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Ivana Gadjanski

researcher and project leader, R&D Center for Bioengineering - BioIRC


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Do you think it's too much to expect to have success both career- and love life-wise?

I presume we all wish to be successful in different aspects of life: career and private life. Sometimes it even seems easier, simpler to succeed in your job - I have personal experience with science-related profession hence my examples: You study a lot, you get good grades, you apply for scholarships, you apply for grants, you work hard, you do your networking, you keep informed, feed your curiosity and creativity supplemented with real data and facts. Of course, lots of factors can not be influenced, but there are even less for love, right? What do you think about this? How should one approach the questions of relationships? Is it all left just to chance, just to "let it happen" random approach?


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    Oct 31 2011: Excerpt from an article on Yahoo!

    Career women take note: if you want to continue to ascend the corporate ladder all the while maintaining a happy-ish household it may be wise to choose a partner with lesser ambition or a less demanding work schedule, or so suggests a study by a Cornell researcher ...

    After analyzing census data from more than 8,484 professional workers and 17,648 nonprofessional workers from dual-earner families in the U.S., sociology researcher, Youngjoo Cha discovered that there's a potentially negative association between how many hours a man works per week and its effect on the career choices of his female partner.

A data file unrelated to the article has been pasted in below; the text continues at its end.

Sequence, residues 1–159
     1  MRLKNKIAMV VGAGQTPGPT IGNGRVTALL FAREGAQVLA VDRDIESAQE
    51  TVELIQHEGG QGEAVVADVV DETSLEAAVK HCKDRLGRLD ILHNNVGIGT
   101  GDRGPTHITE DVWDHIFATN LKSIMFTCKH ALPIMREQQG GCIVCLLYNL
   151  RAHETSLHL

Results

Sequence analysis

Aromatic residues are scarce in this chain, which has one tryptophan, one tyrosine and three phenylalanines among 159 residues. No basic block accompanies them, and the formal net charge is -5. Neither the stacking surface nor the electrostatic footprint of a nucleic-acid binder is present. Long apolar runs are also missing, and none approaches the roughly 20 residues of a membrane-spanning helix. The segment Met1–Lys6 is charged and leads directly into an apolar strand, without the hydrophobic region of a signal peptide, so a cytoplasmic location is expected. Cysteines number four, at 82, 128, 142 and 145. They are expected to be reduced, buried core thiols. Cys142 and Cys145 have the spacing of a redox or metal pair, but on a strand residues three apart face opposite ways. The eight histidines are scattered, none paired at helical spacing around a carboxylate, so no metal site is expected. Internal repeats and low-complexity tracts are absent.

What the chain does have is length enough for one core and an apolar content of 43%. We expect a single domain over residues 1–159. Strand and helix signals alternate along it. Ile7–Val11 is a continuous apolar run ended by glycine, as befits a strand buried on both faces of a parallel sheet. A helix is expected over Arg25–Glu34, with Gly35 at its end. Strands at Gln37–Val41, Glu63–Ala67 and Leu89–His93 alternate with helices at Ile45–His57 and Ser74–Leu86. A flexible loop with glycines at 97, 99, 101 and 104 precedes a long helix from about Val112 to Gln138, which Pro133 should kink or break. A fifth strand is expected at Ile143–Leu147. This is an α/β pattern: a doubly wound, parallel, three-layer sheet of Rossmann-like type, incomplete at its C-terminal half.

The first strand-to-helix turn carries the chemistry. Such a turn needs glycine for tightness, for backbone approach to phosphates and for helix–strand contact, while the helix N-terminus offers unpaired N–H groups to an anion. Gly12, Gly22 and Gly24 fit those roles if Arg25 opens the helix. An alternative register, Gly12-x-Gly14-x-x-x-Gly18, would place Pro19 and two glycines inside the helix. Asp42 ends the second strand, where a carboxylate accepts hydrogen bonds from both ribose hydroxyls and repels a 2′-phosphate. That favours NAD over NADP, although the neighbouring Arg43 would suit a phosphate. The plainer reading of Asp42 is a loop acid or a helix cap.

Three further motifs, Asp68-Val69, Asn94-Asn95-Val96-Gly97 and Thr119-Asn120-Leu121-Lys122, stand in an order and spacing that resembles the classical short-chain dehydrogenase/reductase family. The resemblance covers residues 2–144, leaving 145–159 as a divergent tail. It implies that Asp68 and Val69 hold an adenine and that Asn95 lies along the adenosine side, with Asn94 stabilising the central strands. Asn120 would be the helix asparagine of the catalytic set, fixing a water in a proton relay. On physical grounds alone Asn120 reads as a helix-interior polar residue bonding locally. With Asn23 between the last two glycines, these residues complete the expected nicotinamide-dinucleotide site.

In the 2010 paper ""Reinforcing Separate Spheres: The Effect of Spousal Overwork on Men's and Women's Employment in Dual-Earner Households", Cha concludes that being married to a man who works 60 hours a week and more makes a woman more likely to quit her job. In fact, it increases her odds by 42 percent. (For women in professional positions, that risk goes up to 51 percent.)

    [Full article here: http://ca.shine.yahoo.com/kind-husband-good-womans-career-040000043.html]
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      Oct 31 2011: Thomas, thank you for this great, very scientific comment. It never hurts to have statistical data. Perhaps these data would imply that the answer to my question, at least statistically speaking is YES, it is too much to expect both comparably successful.

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